Paris 1928: Nexus II

Paris 1928: Nexus II

Paris 1928: Nexus II

Paris 1928: Nexus II

Synopsis

Henry Miller's 'Nexus' was censored 50 years ago, while Miller and his publishers fought for freedom of speech. 'Nexus II' was never published, and relooks at his first trip to Paris and Europe in 1928, a world on the edge of the great depression. This volume collates these unpublished memoirs as Henry Miller wished.

Excerpt

In 1927, a would-be writer, Henry Miller, opened a speakeasy in Greenwich Village with his second wife June Mansfield. That year, he exhibited his first watercolours and, according to Miller, compiled notes for an entire cycle of autobiographical novels in one day. These Capricorn Notes became a resource and a wellspring which the writer drew on for the rest of his creative life. They became immediately useful in his second period in Paris, (1930–1939), when he published Tropic of Cancer (1934), Black Spring (1936) and Tropic of Capricorn (1939) and after that, with the publication of the Rosy Crucifixion trilogy of Sexus (1949), Plexus (1952), and Nexus (1960). This last was completed in April 1959 and published in France as Nexus I the following year. Miller’s imaginative commitment to the events recorded in the Notes lasted for most his life, with the writer revisiting the sequence and its unfolding again and again.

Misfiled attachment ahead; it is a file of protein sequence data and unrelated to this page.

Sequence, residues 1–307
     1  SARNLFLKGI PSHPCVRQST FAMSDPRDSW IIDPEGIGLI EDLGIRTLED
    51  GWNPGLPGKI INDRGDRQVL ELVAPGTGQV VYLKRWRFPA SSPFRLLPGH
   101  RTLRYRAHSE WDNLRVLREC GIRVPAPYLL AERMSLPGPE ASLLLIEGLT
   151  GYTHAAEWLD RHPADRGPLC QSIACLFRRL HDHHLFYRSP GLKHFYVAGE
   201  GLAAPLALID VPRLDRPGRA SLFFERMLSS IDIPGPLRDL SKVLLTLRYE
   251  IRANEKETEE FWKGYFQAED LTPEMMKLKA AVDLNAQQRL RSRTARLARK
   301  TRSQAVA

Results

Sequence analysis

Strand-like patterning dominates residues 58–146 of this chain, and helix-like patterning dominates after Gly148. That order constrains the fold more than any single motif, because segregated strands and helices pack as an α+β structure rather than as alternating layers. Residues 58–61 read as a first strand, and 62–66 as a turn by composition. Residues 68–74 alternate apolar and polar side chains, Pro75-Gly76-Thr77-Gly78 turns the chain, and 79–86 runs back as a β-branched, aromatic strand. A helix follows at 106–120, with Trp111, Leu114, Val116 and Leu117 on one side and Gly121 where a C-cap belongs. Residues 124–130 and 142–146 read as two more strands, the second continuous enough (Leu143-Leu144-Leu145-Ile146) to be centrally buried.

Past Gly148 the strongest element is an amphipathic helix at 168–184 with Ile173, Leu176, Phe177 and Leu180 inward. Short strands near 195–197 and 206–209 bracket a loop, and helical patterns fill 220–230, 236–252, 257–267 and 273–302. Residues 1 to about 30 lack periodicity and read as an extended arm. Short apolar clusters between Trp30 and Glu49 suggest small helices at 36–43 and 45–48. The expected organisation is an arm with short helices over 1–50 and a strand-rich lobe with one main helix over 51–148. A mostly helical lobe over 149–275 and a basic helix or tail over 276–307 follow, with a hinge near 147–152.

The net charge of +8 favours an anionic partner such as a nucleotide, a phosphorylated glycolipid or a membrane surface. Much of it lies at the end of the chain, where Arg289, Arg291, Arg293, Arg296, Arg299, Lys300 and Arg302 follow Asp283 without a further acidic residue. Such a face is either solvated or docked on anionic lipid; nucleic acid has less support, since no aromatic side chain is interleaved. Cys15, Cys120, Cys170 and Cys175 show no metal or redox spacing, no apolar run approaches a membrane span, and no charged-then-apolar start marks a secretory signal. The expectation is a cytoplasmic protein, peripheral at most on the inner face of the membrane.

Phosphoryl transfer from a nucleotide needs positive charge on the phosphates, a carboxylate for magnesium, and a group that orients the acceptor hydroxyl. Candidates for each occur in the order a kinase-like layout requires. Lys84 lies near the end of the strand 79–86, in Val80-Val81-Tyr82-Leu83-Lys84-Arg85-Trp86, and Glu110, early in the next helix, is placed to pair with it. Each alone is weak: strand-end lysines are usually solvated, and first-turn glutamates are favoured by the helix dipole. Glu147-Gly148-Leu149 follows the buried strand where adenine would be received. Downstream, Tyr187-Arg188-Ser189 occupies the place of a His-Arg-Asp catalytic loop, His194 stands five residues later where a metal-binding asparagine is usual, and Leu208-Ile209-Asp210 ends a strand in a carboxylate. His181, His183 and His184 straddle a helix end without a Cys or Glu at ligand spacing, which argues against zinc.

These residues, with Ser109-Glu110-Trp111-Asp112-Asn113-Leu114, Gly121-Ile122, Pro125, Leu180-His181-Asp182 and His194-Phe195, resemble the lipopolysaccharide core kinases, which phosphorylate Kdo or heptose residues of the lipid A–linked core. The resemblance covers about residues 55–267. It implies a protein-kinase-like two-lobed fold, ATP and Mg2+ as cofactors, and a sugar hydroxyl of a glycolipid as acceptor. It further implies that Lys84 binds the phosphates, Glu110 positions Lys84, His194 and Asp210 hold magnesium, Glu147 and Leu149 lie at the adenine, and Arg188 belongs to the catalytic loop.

Nearly thirty years after its original publication, Grove Press published the first authorized us edition of Tropic of Cancer in 1961. That same year, Henry Miller, now a writer of international stature, was touring Europe and working on a new book, Nexus ii. He completed three drafts. the release of Tropic of Cancer was keeping his publishers busy at the time, defending the author in obscenity trials in different states.

The new manuscript, Nexus 11, was a reworking of Miller’s first trip to Paris with June in 1928, a journey that had taken them deep into . . .

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